For document DRM systems to function they need to communicate with licensing servers, and that means having an Internet connection, and therefore using an IP address allocated by a broadband supplier.  IP addresses are usually registered in blocks by country, so every networked machine has an external IP address that identifies a user and probably a location.

We may need to be more precise about where a device or token actually is, as part of the controls.  There are many examples of where internal documents need to remain internal regardless of where the individual given access to the protected document(s) happens to be physically located.

Perhaps the simplest example is the ‘library’ use of documents.  For licensing purposes, libraries commonly come to agreements with Copyright Collecting Societies about the fees they pay annually to allow their users access to documents.  But they work on the basis of being able to provide access to all the ‘copies’ they have available (and electronically speaking that could be a large theoretical number).  But that does not mean that copies may be borrowed (taken off the premises so denying access to other potential users).  Of course if you want a lending scheme, then the token system will work perfectly well because borrowing the token equates to borrowing the document (book).

That type of control requires that you limit access to a specific network address or range of addresses.  These would have to correspond to actual IP addresses to make any sense.  So ‘localhost’ in Windows would not make any sense since almost any network would have that as a connection.  And internal IP address ranges such as those of the form 10.*.*.* would not make any sense because they are commonly used as internal addresses and lots of networks will have them.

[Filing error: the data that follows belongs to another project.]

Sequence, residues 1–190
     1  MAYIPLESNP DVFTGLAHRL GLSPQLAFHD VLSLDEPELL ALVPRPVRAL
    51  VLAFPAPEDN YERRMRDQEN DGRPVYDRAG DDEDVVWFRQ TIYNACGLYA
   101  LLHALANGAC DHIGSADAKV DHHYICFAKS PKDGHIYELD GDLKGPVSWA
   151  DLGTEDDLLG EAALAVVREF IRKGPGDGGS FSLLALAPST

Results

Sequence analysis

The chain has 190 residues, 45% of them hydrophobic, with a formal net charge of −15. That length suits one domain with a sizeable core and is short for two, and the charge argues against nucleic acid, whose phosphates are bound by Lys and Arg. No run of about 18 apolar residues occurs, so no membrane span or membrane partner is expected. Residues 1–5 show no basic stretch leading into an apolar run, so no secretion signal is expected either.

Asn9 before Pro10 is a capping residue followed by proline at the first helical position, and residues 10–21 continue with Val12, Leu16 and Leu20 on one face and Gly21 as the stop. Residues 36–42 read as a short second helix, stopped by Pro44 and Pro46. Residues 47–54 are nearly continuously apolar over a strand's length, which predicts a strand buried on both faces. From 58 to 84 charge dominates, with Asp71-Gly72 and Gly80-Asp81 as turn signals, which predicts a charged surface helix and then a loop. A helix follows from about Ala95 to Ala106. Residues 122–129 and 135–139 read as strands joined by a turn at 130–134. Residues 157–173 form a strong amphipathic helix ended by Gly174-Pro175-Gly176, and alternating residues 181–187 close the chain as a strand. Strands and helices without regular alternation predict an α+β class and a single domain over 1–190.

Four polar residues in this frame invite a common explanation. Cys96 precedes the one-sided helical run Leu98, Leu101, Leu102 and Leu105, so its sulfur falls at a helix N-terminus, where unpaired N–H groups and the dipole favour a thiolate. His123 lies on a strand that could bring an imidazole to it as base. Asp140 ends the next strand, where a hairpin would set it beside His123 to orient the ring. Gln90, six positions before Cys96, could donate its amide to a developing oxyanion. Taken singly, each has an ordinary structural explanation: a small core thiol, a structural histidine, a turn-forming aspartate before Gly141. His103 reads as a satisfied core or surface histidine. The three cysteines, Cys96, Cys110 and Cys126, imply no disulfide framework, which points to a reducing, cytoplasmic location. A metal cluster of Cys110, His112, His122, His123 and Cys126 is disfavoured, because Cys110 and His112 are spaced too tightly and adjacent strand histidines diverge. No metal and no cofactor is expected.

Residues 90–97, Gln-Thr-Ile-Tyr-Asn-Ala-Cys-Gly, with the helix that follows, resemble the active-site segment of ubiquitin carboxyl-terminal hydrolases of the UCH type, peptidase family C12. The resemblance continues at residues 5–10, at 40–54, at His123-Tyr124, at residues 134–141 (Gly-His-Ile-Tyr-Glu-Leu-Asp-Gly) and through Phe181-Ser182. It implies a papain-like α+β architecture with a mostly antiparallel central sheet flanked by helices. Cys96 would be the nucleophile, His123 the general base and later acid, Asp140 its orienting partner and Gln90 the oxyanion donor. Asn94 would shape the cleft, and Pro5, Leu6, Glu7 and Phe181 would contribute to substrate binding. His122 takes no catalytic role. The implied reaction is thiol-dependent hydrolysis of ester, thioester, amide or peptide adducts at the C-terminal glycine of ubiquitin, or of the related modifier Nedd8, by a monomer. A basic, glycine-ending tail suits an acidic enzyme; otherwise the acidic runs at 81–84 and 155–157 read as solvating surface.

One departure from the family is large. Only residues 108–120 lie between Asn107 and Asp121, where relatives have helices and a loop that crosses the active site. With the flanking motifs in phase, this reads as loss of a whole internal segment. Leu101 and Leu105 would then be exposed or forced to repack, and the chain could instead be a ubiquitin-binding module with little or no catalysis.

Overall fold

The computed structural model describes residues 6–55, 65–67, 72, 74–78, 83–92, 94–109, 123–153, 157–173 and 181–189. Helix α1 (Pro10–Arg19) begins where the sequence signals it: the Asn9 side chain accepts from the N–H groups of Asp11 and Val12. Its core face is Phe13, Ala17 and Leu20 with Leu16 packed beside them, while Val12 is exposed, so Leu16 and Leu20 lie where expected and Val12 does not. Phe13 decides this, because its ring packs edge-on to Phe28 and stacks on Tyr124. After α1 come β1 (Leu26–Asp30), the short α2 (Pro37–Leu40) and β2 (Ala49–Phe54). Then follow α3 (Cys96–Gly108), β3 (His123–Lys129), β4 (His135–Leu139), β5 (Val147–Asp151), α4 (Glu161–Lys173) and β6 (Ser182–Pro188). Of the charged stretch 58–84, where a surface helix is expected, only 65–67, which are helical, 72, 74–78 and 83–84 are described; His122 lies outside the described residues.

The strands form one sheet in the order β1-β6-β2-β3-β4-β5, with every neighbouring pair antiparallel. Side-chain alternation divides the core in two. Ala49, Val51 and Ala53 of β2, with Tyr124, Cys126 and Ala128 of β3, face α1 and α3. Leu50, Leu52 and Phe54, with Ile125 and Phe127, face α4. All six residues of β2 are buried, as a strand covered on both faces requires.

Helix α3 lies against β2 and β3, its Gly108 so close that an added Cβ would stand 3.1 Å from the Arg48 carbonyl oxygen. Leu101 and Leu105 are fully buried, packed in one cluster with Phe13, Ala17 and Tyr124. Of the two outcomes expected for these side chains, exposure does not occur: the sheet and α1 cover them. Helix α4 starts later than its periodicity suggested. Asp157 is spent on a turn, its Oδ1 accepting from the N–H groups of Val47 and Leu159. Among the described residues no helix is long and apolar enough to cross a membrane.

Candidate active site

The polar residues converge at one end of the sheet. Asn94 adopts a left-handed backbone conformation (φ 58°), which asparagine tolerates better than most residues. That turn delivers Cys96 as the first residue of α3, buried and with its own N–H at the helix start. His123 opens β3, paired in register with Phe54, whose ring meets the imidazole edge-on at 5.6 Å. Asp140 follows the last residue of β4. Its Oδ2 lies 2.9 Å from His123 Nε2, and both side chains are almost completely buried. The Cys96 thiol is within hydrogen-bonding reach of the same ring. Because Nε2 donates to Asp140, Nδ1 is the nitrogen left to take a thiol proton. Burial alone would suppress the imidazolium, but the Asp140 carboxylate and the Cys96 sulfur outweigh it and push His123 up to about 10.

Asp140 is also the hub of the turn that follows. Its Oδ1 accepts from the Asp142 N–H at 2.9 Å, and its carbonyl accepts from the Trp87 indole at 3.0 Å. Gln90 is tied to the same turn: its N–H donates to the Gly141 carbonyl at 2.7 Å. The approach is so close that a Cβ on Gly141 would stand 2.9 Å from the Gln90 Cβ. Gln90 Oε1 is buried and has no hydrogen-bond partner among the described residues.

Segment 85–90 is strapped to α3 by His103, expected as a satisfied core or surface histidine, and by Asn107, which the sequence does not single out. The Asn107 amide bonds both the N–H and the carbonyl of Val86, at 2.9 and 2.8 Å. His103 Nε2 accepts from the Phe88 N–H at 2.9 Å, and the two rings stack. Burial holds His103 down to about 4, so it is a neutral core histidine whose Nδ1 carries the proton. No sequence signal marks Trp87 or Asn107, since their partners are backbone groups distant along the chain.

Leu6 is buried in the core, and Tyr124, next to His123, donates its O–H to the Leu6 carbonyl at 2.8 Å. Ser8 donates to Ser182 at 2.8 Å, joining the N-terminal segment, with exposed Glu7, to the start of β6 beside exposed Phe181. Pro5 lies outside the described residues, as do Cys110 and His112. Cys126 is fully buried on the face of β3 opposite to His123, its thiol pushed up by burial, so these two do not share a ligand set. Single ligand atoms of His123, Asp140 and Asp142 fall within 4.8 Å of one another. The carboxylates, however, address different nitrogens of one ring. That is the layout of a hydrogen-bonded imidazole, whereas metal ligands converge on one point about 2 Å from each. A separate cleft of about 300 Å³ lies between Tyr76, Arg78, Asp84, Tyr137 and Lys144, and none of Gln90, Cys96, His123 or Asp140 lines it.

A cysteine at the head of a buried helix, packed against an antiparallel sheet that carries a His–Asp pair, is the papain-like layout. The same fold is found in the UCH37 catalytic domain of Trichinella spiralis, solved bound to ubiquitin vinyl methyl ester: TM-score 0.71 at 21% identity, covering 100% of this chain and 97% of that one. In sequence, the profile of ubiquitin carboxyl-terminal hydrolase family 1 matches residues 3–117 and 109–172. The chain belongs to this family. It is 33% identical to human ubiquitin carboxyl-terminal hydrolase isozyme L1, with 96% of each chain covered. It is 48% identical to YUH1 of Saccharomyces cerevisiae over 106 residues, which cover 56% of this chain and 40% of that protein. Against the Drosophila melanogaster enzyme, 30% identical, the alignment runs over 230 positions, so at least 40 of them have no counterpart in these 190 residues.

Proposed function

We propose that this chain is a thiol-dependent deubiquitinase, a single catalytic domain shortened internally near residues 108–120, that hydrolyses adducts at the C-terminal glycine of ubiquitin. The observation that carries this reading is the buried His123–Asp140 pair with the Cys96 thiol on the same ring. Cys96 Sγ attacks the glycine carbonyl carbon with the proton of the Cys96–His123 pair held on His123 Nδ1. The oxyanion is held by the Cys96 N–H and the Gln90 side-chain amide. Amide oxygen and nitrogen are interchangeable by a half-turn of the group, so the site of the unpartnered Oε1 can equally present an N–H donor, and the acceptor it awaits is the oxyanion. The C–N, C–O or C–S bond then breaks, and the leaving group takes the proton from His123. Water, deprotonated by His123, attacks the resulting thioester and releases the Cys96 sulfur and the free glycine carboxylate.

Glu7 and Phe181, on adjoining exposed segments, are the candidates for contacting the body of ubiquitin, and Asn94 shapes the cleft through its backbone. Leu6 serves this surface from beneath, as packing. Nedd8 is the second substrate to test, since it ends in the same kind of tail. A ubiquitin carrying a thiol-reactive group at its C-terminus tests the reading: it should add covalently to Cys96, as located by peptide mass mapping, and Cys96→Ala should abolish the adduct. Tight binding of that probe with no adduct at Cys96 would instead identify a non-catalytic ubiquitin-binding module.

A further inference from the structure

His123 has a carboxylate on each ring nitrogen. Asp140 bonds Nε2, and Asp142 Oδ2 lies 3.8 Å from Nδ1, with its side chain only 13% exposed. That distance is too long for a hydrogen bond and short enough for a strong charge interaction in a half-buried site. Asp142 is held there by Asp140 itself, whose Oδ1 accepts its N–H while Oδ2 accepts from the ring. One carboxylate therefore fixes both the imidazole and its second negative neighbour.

But a good old hell for leather IP address like (or if you want the DN veterans.gov) will work perfectly and will require that the user be on that network address (or DN) before they can actually use protected documents.

That has only considered the use of an internal domain.  It may be that you want to tighten it down to the specific IP that they connect with.  Now this might prove awkward, especially if you don’t happen to know in advance what that address is, but applications such as Safeguard Enterprise PDF DRM provide the facility to be able to enforce the IP address that they use to register as being the address they have to use in order to open the protected document(s).  This mirrors the liking of the user to the device we talked about earlier.

Locking documents to specific country locations

Finally, you may have to take into account country addresses.  This may be useful if you do not want people to be able to access protected documents when they are in particular countries (or regions).  Examples could be that you do not want documents to be opened if your user(s) are, for instance, in Mexico, or Iran or Iraq.

This may be because the content is proscribed in a particular country, or that a competitor owns the IPR of some information in that country (for instance it happens in tobacco where Benson and Hedges is either owned by Philip Morris International, British American Tobacco, or Japan Tobacco, depending on the region).

It is equally possible that you wish to only allow documents to be opened whilst the user is in a specific country.  This could simply be that controlled documents must not go outside the country, or there may be a stipulation about where documents may be published for copyright reasons or it may be that you have different licensing policies applicable to different countries.


For PDF DRM, in an ideal world, we would identify the actual person wishing to open a protected document.  But it turns out that it is difficult to do that.  At a more practical level we can identify hardware and link a hardware identity to an individual in a similar way to credit card processors.  This is less than perfect – I can give my son my credit card and the PIN and who is any the wiser – but it works fairly well.

Also like credit card processing there are many reasons to want to know where the user is, either on an internal network or by global positioning.  In their case to make sure you don’t change countries/locations improbably quickly.  In PDF DRM it is to prevent use in unauthorized locations or to require the user to be in specific territorial limits.

These features complement more regular document DRM controls and provide overarching management of access to information that model existing and well-tried methods and technologies for authentication and use.  Safeguard Enterprise PDF DRM has available the features needed to achieve these extensions of IPR control.